Big events are a lot of fun for kids. Some of our favorite adventures and =
best memories are from rides like MTR, Hilly 100, TOSRV, RAIN and week =
long tours of Indiana - TRIRI.

Be flexible with your distances, but that does not necessarily mean short. =
2, 3, 4 and especially 5 above are what influence how far we ride. Mileage =
can range from 20 miles to 165 miles plus. My son may whine part way =
through a long ride, but the next day at school he cannot wait to tell =
everyone that he road a bike clear across the state, in fact I have had =
teachers call to confirm such wild stories.

Make road riding a supplement to other sports such as BMX racing, cross =
country and track. An appropriately sized single bike, road or mountain, can =
also keep them interested.

People typically choose to do things that are fun.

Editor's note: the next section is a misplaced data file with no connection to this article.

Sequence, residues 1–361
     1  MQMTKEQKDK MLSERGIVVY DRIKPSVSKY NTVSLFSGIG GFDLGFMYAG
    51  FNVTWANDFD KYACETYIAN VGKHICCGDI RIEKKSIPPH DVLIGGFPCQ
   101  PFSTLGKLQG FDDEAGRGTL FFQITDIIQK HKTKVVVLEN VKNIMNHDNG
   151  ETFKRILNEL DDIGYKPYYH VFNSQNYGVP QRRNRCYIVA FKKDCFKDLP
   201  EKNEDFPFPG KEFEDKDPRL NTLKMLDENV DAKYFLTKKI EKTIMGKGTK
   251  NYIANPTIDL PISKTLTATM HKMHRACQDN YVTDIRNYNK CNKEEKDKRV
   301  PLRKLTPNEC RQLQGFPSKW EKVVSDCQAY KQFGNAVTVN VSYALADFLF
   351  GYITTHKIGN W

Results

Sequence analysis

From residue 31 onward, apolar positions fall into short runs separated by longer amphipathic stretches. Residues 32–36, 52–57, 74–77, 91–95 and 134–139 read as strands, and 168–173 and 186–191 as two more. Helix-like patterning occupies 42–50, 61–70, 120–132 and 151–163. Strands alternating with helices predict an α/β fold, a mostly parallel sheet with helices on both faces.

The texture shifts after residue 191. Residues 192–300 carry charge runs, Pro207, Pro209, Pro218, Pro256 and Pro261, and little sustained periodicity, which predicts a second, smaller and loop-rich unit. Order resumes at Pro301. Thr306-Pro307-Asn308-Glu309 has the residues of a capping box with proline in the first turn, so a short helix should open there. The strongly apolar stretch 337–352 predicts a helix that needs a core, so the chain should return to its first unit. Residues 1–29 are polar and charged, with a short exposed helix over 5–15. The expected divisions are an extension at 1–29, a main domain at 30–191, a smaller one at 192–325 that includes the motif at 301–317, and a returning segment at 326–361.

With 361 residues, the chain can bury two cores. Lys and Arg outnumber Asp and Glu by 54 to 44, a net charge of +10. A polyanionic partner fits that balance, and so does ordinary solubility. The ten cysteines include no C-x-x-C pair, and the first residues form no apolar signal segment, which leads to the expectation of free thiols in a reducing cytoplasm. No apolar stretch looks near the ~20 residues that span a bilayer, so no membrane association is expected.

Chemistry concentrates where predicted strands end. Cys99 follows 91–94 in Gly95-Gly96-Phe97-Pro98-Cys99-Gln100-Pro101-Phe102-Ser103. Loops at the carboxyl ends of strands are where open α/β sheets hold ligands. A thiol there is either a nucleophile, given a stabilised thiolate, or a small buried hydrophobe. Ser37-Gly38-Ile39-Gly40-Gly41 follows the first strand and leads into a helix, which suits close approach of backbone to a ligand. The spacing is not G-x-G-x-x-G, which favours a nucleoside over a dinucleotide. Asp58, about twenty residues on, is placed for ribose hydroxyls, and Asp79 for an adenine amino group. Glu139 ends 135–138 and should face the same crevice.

Steve, Cindi and Michael

For a child who rides a bicycle, one of the aspects of a tandem is its novelty. Of
all the bikes in our garage, the tandem solicits the most raves from my nieces,
nephews and neighborhood kids. Even more so than our latest dual suspension mountain
bikes. While grown ups show a mild interest when they see the Santana hanging on
the hooks, the kids won't stop asking to get a ride.

A kid who rides is naturally drawn to a tandem. One of the joys we get when the
kids visit is to take them on a ride. It only takes a few minutes to affix cage
pedals in the stoker position and adjust the saddle height. Sure, depending on
their size, they have to lean a little more forward to reach the bars.

I give them a little instruction on communication -- not too much or they get
distracted. Hold on, don't try to steer or lean, and let me know if you're getting
tired. With that, we're off and within a mile we're doing 40 MPH on a downhill.
They are thrilled to be going that fast. I'm always surprised how much power they
can generate.

My youngest niece is the only one too small to ride and she looks forward to the
day when she can reach the pedals.

Of course my sisters are upset because their kids bug them all the time about
getting a tandem. I'm amazed why there aren't more tandem riding families
especially when the parents are staunch riders. Even the heady prices of tandems